EIGRP uses three tables: the neighbor table, the topology table, and the IP routing table. The neighbor table keeps state information regarding neighbors, and is displayed using the show ip eigrp neighbors command. EIGRP Update messages fill the routers' EIGRP topology tables. Based on the contents of the topology table, each router chooses its best routes and installs these routes in its respective IP routing table.
An EIGRP router calculates the metric for each route based on the components of the metric. When a neighboring router advertises a route, the Update includes the metric component values for each route. The router then considers the received metric values, as well its own interfaces settings, to calculate its own metric for each route. The default metric components are cumulative delay, in tens of microseconds, and the constraining bandwidth for the entire route, in bits per second. By setting the correct K values in the metric weights command, EIGRP can also consider link load, reliability, and MTU. Cisco recommends not using those values, in large part due to the fluctuation created by the rapidly changing calculated metrics and repeated routing reconvergence.
Figure 9-3 depicts the general logic relating to the metric components in a routing update, showing the units on the bandwidth and delay commands versus the contents of the updates.
NOTE A router considers its interface delay settings, as defined with the delay interface subcommand, when calculating EIGRP metrics. The delay command's units are tens of microseconds, so a delay 1 command sets the interface delay as 10 microseconds.
Figure 9-3 EIGRP Update and Computing the Metric
Subnet 1 Delay 100
Calculate RD per Received K Values
Delay 100 + 1000 = 1100 Bandwidth 1,544 (MTU, Load, Reliability) Calculate My Metric
Bandwidth 10,000 (MTU, Load, Reliability)
Delay 100 Bandwidth 10,000
Subnet 1 Delay 100
Delay 1000 Bandwidth 1544
Subnet 1 Delay 1100 Bandwidth 1,544 (MTU, Load, Reliability)
RD = 256 (10,000,000/10,000) + 256 (100) = 281,600 Metric = 256 (10,000,000/1,544) + 256 (1100) = 1,939,631
Because the received update includes the neighbor's metric components, a router can calculate the advertising neighbor's metric for a route—called the reported distance (RD). A router can, of course, also calculate its own metric for a particular route, after adding its own interface delay and considering whether it should adjust the value for the constraining bandwidth. For example, consider the four steps outlined in Figure 9-3:
1. R1 advertises a route, with bandwidth = 10,000 and delay = 100.
2. R2 calculates the RD for this route per the received K values.
3. R2 updates its topology table, adding delay 1000 because the interface on which R2 received the update has a delay setting of 1000. It also uses a new bandwidth setting, because the received Update's bandwidth (10,000) was greater than R2's incoming interface's bandwidth (1544).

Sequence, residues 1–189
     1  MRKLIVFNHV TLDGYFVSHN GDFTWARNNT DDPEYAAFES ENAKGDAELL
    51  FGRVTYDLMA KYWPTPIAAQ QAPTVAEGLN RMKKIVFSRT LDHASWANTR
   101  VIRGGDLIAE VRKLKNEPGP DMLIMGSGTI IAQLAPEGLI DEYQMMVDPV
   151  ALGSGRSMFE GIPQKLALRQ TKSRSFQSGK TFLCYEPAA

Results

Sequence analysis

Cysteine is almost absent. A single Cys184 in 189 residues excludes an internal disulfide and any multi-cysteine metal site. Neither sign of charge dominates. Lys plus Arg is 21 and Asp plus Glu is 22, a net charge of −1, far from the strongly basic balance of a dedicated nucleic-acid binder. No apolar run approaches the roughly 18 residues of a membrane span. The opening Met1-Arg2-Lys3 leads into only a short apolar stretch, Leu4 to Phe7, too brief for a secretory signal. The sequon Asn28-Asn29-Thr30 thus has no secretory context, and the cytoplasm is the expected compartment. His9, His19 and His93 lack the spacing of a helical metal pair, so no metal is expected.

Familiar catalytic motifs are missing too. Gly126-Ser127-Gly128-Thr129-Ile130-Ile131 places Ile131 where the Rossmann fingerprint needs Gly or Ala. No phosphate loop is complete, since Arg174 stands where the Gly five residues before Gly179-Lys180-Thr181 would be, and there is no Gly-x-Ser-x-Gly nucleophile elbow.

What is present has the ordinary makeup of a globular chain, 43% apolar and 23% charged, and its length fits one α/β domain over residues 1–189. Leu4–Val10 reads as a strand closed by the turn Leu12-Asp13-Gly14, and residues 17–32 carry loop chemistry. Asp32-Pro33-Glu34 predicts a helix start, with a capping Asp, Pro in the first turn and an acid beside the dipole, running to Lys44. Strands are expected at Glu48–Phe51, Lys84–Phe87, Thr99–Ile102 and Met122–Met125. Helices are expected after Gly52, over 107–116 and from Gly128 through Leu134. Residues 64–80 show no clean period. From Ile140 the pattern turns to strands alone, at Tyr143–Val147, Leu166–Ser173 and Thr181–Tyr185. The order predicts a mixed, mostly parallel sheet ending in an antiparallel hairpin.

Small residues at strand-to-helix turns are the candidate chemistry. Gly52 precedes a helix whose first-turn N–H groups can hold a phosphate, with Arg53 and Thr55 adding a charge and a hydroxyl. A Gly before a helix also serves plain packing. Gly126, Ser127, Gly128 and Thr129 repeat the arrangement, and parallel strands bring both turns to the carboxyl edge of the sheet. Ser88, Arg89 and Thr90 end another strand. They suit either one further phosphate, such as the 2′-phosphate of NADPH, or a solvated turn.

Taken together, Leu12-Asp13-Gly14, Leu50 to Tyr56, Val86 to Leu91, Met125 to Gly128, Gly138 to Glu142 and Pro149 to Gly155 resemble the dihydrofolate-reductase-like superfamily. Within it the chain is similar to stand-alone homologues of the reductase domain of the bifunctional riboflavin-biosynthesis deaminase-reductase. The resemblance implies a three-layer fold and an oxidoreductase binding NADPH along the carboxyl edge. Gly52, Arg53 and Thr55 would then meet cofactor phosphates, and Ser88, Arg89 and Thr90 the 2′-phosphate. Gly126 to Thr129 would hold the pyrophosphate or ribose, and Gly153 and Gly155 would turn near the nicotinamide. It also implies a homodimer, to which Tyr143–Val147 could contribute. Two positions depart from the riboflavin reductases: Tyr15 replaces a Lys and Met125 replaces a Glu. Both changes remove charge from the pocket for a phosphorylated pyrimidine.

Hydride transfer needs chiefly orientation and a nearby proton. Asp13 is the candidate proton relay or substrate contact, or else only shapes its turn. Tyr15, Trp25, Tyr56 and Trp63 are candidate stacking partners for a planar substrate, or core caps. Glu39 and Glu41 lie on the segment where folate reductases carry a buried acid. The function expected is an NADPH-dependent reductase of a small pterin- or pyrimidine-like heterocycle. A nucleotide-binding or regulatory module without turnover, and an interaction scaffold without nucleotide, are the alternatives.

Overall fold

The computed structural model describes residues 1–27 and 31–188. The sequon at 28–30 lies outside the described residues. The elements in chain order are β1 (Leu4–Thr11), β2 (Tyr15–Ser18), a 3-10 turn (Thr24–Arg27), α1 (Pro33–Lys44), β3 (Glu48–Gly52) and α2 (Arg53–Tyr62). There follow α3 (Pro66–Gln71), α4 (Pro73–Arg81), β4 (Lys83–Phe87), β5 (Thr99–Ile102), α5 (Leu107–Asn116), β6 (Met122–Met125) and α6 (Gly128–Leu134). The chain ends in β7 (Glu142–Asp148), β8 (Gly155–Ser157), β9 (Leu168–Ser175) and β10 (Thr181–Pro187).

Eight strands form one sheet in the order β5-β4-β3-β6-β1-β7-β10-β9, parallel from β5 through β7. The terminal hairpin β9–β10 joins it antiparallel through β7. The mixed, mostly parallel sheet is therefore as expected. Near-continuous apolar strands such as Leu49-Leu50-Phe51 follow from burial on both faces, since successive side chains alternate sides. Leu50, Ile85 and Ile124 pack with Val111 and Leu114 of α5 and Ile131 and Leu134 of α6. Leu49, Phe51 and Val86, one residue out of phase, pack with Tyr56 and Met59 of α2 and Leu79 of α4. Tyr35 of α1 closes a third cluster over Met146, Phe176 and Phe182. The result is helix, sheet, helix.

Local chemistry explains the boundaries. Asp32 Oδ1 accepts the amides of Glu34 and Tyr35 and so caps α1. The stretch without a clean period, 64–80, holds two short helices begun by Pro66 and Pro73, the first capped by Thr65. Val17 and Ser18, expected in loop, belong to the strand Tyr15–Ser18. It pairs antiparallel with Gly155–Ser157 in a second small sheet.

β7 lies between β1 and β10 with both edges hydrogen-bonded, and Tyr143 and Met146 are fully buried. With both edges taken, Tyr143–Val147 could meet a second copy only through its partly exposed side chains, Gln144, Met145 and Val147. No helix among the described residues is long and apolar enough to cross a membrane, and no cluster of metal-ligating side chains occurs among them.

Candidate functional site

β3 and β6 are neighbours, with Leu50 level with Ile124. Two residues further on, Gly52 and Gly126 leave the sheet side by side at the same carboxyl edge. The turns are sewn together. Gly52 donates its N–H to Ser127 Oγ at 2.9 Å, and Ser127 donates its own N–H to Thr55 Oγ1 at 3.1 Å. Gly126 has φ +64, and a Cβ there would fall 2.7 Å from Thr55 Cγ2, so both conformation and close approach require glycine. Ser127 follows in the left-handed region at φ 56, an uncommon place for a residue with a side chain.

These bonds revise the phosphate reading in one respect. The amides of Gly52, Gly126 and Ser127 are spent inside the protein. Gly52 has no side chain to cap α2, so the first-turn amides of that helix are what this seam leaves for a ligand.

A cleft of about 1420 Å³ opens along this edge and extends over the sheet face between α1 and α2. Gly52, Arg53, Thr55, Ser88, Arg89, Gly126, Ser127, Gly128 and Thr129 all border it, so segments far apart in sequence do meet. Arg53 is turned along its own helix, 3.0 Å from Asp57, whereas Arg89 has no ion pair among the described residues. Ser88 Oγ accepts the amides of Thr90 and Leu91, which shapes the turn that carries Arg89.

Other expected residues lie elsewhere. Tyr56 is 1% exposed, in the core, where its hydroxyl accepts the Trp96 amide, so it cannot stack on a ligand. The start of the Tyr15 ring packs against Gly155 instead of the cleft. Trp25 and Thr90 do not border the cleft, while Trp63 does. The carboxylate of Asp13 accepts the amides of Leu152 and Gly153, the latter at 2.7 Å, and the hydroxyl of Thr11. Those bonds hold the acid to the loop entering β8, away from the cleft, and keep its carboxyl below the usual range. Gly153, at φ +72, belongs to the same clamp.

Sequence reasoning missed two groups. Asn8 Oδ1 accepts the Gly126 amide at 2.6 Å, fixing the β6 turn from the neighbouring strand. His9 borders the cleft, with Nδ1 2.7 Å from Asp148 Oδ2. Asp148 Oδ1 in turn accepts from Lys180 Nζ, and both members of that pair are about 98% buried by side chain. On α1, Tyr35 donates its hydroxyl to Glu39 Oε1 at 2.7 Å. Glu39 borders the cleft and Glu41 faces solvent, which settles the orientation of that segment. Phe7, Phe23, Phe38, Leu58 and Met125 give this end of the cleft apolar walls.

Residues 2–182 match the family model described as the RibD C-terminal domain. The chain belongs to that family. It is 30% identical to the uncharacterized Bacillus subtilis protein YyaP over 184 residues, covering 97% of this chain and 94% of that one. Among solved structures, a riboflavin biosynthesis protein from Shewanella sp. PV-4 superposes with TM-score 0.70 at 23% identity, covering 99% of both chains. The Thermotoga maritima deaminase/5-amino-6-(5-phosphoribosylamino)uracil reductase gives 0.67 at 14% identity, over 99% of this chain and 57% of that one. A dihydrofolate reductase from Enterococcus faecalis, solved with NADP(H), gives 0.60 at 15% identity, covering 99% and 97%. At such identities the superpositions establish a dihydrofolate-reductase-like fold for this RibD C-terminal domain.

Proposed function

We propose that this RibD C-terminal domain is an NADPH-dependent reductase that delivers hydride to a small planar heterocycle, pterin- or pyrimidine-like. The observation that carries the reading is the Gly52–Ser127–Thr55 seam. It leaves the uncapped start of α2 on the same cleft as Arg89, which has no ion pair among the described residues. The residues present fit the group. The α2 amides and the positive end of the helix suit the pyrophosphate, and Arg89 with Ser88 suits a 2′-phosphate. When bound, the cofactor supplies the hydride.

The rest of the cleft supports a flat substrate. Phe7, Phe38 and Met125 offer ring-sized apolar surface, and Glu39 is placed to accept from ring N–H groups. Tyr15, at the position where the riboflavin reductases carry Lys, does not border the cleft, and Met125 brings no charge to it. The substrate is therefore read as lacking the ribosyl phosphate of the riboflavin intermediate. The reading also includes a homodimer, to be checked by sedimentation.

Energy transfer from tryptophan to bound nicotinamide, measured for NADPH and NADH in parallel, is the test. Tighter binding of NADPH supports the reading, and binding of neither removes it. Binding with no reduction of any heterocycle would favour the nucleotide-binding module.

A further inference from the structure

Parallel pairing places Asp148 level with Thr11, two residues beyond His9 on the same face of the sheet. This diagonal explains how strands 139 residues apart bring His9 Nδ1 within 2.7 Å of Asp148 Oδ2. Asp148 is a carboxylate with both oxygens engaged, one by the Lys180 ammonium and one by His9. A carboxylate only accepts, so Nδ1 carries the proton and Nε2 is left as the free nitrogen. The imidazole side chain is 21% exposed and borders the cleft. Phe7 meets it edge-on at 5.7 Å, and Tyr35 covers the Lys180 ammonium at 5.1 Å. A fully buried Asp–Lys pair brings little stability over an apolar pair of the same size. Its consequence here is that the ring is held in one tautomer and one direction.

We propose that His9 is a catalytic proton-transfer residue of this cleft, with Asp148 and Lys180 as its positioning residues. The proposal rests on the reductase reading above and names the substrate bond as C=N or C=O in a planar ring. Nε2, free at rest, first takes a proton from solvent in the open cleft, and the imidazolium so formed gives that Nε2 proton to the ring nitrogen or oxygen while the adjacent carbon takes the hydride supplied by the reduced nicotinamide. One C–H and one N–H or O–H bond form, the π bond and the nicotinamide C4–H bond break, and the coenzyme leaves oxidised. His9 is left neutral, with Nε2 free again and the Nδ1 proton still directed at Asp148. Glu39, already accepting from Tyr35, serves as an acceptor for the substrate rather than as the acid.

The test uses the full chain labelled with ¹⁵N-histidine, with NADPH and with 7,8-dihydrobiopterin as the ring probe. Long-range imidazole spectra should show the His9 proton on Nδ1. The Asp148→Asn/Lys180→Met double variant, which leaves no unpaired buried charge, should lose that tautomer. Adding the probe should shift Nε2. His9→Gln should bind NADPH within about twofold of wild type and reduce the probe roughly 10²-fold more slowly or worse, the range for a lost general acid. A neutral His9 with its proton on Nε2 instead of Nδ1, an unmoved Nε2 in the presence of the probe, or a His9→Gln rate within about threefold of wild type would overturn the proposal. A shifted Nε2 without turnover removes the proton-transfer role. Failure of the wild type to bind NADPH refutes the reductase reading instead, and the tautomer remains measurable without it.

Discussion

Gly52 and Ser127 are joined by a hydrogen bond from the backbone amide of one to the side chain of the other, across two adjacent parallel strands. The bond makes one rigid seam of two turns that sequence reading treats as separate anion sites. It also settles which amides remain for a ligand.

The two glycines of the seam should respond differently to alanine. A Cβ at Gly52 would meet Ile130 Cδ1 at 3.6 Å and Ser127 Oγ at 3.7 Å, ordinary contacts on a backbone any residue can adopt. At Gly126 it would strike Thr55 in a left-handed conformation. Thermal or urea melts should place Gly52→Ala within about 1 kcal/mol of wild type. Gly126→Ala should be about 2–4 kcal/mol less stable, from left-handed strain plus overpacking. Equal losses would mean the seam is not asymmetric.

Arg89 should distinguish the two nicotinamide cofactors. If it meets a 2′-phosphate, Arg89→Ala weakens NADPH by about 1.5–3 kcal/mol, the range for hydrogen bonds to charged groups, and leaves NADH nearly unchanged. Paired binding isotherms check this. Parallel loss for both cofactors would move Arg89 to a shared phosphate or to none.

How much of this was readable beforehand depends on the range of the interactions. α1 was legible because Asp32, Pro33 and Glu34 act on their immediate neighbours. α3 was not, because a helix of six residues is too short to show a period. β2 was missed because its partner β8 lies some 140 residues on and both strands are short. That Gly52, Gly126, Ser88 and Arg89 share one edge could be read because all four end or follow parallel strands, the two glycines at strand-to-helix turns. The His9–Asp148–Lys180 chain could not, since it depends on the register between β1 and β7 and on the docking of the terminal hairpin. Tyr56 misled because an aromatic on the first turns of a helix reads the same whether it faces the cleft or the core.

4. R2's update to another neighbor includes the new (cumulative) delay and the new (constraining) bandwidth.
Assuming default K-value settings, the EIGRP formula for the metric calculation is
The show ip eigrp topology command lists the RD and the locally computed metric for the entries in the EIGRP topology table. Example 9-3 shows a few details of where the RD and local metric can be seen in show command output. The example is based on Figure 9-1, with all routers and interfaces now working properly. Also, to keep things simple, the delay command has been used to set all links to delay 1 (LANs), delay 2 (WANs), or delay 3 (loopbacks). Also, the metric weights 0 0 0 1 0 0 command was used on each router, taking bandwidth out of the calculation, making the calculated metrics a little more meaningful in the command output.
Example 9-3 EIGRP Topology Table
! First, the numbers in parentheses show this router's (R1s) calculated metric, ! then a "/", then the RD. For example, S1 advertised the route to 211.0/24, with ! R1 calculating S1s metric (the RD) as 768. Delay 3 was set on S1's loopback ! (where 211.0/24 resides), so its metric was 3*256=768. R1s metric adds delay 1, ! for a metric of 4*256=1024. R1# show ip eigrp topology
IP-EIGRP Topology Table for AS(1)/ID(172.31.16.1)
Codes: P - Passive, A - Active, U - Update, Q - Query, R - Reply, r - reply Status, s - sia Status P 172.31.151.0/24, 1 successors, FD is 768
via Connected, Loopback1 P 172.31.211.0/24, 1 successors, FD is 1024
via 172.31.11.201 (1024/768), FastEthernet0/0 P 172.31.24.0/30, 1 successors, FD is 768
via 172.31.11.2 (768/512), FastEthernet0/0 via 172.31.14.2 (1024/512), Serial0/0.4 ! Lines omitted for brevity
! Below, the metric in the IP routing table entries match the first number in ! the parentheses, as well as the number listed as "FD is..." in the output above. R1# show ip route ! omitted legend for brevity
172.31.0.0/16 is variably subnetted, 9 subnets, 2 masks D 172.31.211.0/24 [90/1024] via 172.31.11.201, 00:29:42, FastEthernet0/0
D 172.31.24.0/30 [90/768] via 172.31.11.2, 00:29:44, FastEthernet0/0
! Lines omitted for brevity
The show ip eigrp topology command lists a few additional very important concepts and terms related to how EIGRP chooses between multiple possible routes to the same prefix. First, the term feasible distance (FD) refers to this router's best calculated metric among all possible routes to reach a particular prefix. The FD is listed as "FD is x" in the command output. The route that has this best FD is called the successor route, and is installed in the routing table. The successor route's metric is by definition called the feasible distance, so that metric is what shows up in the routes shown with the show ip route command. These additional terms all relate to how EIGRP processes convergence events, which is explained next.
Was this article helpful?